Risk factors for a child/adolescent developing DES are:

  • Allergies
  • Certain medications (acne medication, antidepressants, anti-anxiety medications, antihistamines)
  • Certain health conditions (blepharitis, herpes simplex viruses, evaporative eye disease, certain neurological disorders, diabetes, inflammatory conditions)
  • Excessive screen time (people blink less when staring at a screen
  • Nutritional deficiencies

If any of the above factors relate to your child, discuss them with your child’s optometrist before deciding on a particular myopia management treatment.

Myopia Management Options and DES

Multifocal Contact Lenses

These lenses are worn during the day and are usually discarded every night. Children naturally produce more oil in their tears and have a higher tear volume, making contact lenses more comfortable to wear and reducing the risk of DES symptoms.

Some research suggests that children with ocular allergies can actually benefit from wearing contact lenses, as the lens creates a barrier between the eye’s surface and airborne allergens.

However, children with seasonal allergies who regularly take antihistamines may be prone to DES due to the anticholinergic effects of the medicine that inhibit lacrimal gland functioning and reduce the child’s tear volume.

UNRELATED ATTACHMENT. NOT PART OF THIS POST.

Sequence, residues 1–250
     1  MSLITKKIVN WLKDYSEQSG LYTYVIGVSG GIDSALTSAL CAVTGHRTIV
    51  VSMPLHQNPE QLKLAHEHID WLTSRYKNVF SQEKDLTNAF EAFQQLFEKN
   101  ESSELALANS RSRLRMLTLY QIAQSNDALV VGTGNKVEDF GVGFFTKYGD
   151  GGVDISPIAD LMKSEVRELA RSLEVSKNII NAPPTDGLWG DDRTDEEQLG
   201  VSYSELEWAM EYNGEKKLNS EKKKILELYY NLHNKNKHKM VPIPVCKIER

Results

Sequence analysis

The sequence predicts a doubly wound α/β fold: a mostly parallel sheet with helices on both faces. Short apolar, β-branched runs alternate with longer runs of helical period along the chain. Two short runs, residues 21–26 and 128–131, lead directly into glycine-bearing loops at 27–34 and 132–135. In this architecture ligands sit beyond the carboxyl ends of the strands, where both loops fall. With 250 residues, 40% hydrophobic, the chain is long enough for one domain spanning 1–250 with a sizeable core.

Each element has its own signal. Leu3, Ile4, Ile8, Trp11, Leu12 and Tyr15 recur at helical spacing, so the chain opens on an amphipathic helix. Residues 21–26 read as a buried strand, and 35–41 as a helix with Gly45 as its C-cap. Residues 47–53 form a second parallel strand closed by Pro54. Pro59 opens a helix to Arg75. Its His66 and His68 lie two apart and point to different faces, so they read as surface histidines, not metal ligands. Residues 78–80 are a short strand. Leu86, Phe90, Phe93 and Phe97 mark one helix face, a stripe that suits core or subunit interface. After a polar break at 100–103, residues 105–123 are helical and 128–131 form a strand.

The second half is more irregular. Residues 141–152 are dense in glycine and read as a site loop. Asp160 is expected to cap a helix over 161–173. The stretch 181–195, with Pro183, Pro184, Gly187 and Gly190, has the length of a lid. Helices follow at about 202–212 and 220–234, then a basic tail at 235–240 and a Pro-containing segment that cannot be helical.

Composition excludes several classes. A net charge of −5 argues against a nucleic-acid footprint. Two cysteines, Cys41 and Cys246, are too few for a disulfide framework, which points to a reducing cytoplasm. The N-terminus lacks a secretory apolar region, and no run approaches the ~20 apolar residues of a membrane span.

If children experience mild discomfort with daytime lens wear, they may find relief using lubricating eye drops.

Ortho-K Lenses

Ortho-k lenses (also called ‘orthokeratology’), are rigid gas-permeable contact lenses that are worn overnight during sleep. These lenses gently and safely change the shape of the cornea, so children don’t need to wear glasses or contacts during the day. They are removed in the morning and leave the child with crisp and clear vision.

Ortho-k is a fine choice for children who can’t wear daytime lenses due to allergies, DES, or other eye irritations. They are also great for children and teens who participate in sports and other physical activities since no daytime eyewear is required.

Atropine Eye Drops

These medicated eye drops are placed into the eyes once per day and have been shown to effectively slow childhood myopia progression.

Atropine eye drops usually contain preservatives that can cause eye irritation and dryness. However, the low-dose atropine drops prescribed to children have no clinically significant effect on the eyes with regards to DES.

If Your Child Has Myopia, We Can Help!

The bottom line is that even a child with sensitive eyes or DES can still benefit from myopia management treatments. Your optometrist will guide you on what options are the safest, most comfortable and convenient for you and your child.

If your child has myopia or is at risk of developing it, don’t wait until it’s too late. Halt their myopia now, and they’ll thank you later.

To schedule your child’s myopia consultation, call Visualeyes Optometry today!